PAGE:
What Happens During Surgery for Stomach Cancer
The type of surgery you have depends on the exact location of the cancer and whether it has spread.
Preparing for surgery
Before you go for surgery, you will meet with your surgeon to talk about the procedure. A surgeon who operates on stomach cancer may be a general surgeon, a gastrointestinal surgeon, or a surgical oncologist. When you meet your surgeon, you can ask any questions and discuss any concerns you have. This is also a good time to review the possible side effects of the surgery and to talk about its risks. You may ask if the surgery will leave scars and what those scars will look like. You may also want to ask when you can expect to return to your normal activities.
You may have a meeting with an anesthesiologist or nurse anesthetist. The anesthesiologist is responsible for keeping you pain-free and safe during the surgery. They will ask about your health history and your medications.
After you have discussed all the details with the surgical team, you will sign a consent form that says that you understand the risks involved and that the doctor can perform the surgery. The hospital admissions department is likely to have other paperwork you’ll need to complete, either before or on the day of your surgery.
On the day of the surgery
On the day of your surgery, you should arrive at the hospital admission area at the time your doctor indicated. In the preoperative area, you will be asked to undress and put on a hospital gown. During this time, members of the surgical team may ask you again about your past medical history, medications, and drug allergies. Try not to get frustrated by the repetition. These questions are repeated to help prevent mistakes. They may also answer any other questions you might have about the upcoming procedure.
When it is time for your surgery, you will be taken into the operating room. Many people are there, including the anesthesiologist, the surgeon, and several nurses. To ensure sterility, everyone will be wearing a head covering and a facemask. You may see X-ray images on a viewing box.
Once in the room, you will be moved onto the operating table. The surgery team may place an intravenous line called an IV into your arm if it has not been done. The IV is used to give you anesthetic to make you sleep and remain pain-free during the surgery. You may also receive other medications and fluids through the IV.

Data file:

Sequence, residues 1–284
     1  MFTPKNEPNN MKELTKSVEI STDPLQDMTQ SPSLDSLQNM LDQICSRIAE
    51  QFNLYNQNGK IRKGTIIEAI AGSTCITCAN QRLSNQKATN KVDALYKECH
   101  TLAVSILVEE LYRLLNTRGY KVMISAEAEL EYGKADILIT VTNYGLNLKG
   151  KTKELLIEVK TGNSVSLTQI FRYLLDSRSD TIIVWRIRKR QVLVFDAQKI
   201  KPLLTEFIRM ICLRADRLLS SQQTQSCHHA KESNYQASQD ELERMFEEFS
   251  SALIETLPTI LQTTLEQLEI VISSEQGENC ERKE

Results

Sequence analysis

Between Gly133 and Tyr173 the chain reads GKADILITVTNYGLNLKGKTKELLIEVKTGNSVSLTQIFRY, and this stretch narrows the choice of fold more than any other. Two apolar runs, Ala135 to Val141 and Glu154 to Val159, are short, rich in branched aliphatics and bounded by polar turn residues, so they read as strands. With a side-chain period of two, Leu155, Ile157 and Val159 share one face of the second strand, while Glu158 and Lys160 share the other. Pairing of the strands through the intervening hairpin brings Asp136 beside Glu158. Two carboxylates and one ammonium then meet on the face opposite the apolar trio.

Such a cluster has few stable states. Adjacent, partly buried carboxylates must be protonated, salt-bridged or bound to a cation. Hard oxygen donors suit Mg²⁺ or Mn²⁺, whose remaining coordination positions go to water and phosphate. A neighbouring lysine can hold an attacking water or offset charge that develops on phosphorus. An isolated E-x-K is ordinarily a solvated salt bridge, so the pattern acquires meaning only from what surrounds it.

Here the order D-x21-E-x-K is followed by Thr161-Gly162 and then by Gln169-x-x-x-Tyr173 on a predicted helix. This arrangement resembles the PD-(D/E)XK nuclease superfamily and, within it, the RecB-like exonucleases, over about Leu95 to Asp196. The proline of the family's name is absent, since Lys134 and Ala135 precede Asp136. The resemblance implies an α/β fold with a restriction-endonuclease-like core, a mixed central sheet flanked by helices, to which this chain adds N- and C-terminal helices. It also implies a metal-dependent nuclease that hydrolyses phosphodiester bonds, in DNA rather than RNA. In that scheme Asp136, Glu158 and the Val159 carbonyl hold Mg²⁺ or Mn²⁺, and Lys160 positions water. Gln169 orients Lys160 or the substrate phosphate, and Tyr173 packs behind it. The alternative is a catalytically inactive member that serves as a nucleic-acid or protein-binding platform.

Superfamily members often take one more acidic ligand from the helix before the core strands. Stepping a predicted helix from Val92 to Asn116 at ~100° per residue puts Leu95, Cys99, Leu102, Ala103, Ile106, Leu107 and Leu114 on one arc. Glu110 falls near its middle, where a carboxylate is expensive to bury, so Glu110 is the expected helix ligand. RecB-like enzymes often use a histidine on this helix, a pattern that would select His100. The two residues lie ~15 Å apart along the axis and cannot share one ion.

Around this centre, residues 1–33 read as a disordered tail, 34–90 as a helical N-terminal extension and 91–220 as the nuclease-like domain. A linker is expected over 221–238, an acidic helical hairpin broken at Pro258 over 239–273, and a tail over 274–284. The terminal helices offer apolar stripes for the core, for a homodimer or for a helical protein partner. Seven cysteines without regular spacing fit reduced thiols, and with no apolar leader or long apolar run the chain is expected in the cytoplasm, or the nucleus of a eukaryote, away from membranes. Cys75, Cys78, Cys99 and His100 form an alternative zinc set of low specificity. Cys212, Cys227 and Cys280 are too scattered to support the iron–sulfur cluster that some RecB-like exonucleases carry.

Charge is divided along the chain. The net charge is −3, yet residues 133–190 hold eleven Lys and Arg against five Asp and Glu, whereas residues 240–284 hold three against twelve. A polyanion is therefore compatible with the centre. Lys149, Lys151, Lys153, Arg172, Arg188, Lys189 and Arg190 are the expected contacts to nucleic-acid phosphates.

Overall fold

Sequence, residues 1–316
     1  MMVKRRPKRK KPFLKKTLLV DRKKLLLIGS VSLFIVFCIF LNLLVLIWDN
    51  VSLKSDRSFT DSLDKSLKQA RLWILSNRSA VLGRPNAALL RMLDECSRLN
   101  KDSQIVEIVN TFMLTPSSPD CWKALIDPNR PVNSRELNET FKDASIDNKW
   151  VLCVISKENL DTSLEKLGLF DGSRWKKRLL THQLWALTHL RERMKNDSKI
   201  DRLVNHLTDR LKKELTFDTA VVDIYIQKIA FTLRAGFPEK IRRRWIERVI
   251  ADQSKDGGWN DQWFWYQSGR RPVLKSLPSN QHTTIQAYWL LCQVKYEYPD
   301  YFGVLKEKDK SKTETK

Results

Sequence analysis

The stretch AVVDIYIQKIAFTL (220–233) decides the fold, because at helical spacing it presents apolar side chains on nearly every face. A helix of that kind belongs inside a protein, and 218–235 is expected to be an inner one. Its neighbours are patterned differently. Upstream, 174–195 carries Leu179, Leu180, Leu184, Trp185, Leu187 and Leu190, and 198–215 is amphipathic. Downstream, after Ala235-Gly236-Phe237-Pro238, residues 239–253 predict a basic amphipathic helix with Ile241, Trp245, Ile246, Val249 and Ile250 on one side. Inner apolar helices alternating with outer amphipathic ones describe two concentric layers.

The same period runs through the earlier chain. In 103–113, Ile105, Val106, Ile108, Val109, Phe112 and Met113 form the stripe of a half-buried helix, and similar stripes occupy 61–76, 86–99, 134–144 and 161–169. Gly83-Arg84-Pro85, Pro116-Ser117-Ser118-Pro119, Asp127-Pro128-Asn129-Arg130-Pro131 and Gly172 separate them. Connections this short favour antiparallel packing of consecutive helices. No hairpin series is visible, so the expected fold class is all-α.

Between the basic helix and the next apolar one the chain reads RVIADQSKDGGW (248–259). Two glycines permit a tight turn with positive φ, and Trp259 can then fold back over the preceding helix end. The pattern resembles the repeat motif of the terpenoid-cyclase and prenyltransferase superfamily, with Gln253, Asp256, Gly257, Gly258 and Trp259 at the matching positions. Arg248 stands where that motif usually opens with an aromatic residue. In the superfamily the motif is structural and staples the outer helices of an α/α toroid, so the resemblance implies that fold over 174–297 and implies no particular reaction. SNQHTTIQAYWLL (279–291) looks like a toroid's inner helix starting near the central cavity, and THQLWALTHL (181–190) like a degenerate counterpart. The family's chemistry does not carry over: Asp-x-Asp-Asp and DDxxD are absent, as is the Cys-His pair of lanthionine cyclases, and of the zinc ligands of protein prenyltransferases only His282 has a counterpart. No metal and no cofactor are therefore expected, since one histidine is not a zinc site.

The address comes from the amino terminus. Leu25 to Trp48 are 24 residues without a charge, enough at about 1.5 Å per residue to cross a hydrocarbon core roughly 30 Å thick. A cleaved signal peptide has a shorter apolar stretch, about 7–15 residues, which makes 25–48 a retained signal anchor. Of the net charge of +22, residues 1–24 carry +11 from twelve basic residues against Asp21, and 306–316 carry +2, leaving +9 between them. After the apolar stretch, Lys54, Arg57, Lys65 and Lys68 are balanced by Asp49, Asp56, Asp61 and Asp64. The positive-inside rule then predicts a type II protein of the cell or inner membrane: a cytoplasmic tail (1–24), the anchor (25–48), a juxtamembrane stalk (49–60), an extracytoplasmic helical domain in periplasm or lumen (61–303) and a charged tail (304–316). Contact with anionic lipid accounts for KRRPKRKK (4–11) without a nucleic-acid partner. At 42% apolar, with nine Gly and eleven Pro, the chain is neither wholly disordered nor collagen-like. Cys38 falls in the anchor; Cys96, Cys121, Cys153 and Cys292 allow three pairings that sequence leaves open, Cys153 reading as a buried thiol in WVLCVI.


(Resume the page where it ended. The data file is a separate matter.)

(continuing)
You may need to wear special stockings on your legs to help prevent blood clots. You will have EKG wires attached to your chest to keep track of your heart rate, and a blood pressure cuff wrapped around your arm. When all the preparation is complete, you will receive the anesthetic through the IV to put you to sleep.
What the surgeon removes and where he or she makes your incisions depend on the type of surgery you have. In an attempt to cure stomach cancer, surgeons usually remove these organs:
Part or all of your stomach.
Nearby lymph nodes, which are bean-sized collections of tissue that are part of your immune system. They are important in fighting infections and cancers.
Some of the omentum, which is an area of fatty tissue near the stomach and intestines.
Many surgeons believe that removing all the lymph nodes near the stomach improves the chance of a cure. If cancer has reached other organs, such as the spleen, the surgeon will usually remove those organs.
There are two main types of surgery for removing stomach cancer: subtotal or partial gastrectomy and total gastrectomy.
Subtotal or partial gastrectomy
This type of surgery works well for people whose cancer involves the lower part of the stomach. Also called the distal part of the stomach, this is the part near your small intestine. For this procedure, the surgeon removes the part of your stomach that contains cancer. In most cases, about 75 percent of the stomach will be removed. The surgeon may also remove these other organs that are near your stomach:
The end of the pancreas
The spleen, which is a blood-filtering organ
Nearby lymph nodes
Parts of other tissues and organs near the tumor, such as the small intestines.
To perform this surgery, the surgeon makes an up-and-down cut in the middle of your abdomen.
This surgery is done for people who have cancer in the middle or upper part of the stomach. For this surgery, the surgeon makes an up-and-down cut (incision) in the middle of your abdomen. The surgeon removes these organs:
Your entire stomach
The bottom part of your esophagus
The first part of your small intestine called the duodenum
Nearby lymph nodes
Possibly other organs near the tumor
The surgeon reconnects your esophagus to the second part of your small intestine called the jejunum. This new connection allows you to continue to eat and digest food, although you will only be able to eat a small amount of food at a time. The surgeon may also place a special tube called a jejunostomy feeding tube (J-tube). The J-tube goes through your abdominal skin and into the second part of your small intestine. This tube allows you to receive special liquid feedings while you are not able to take any fluids by mouth.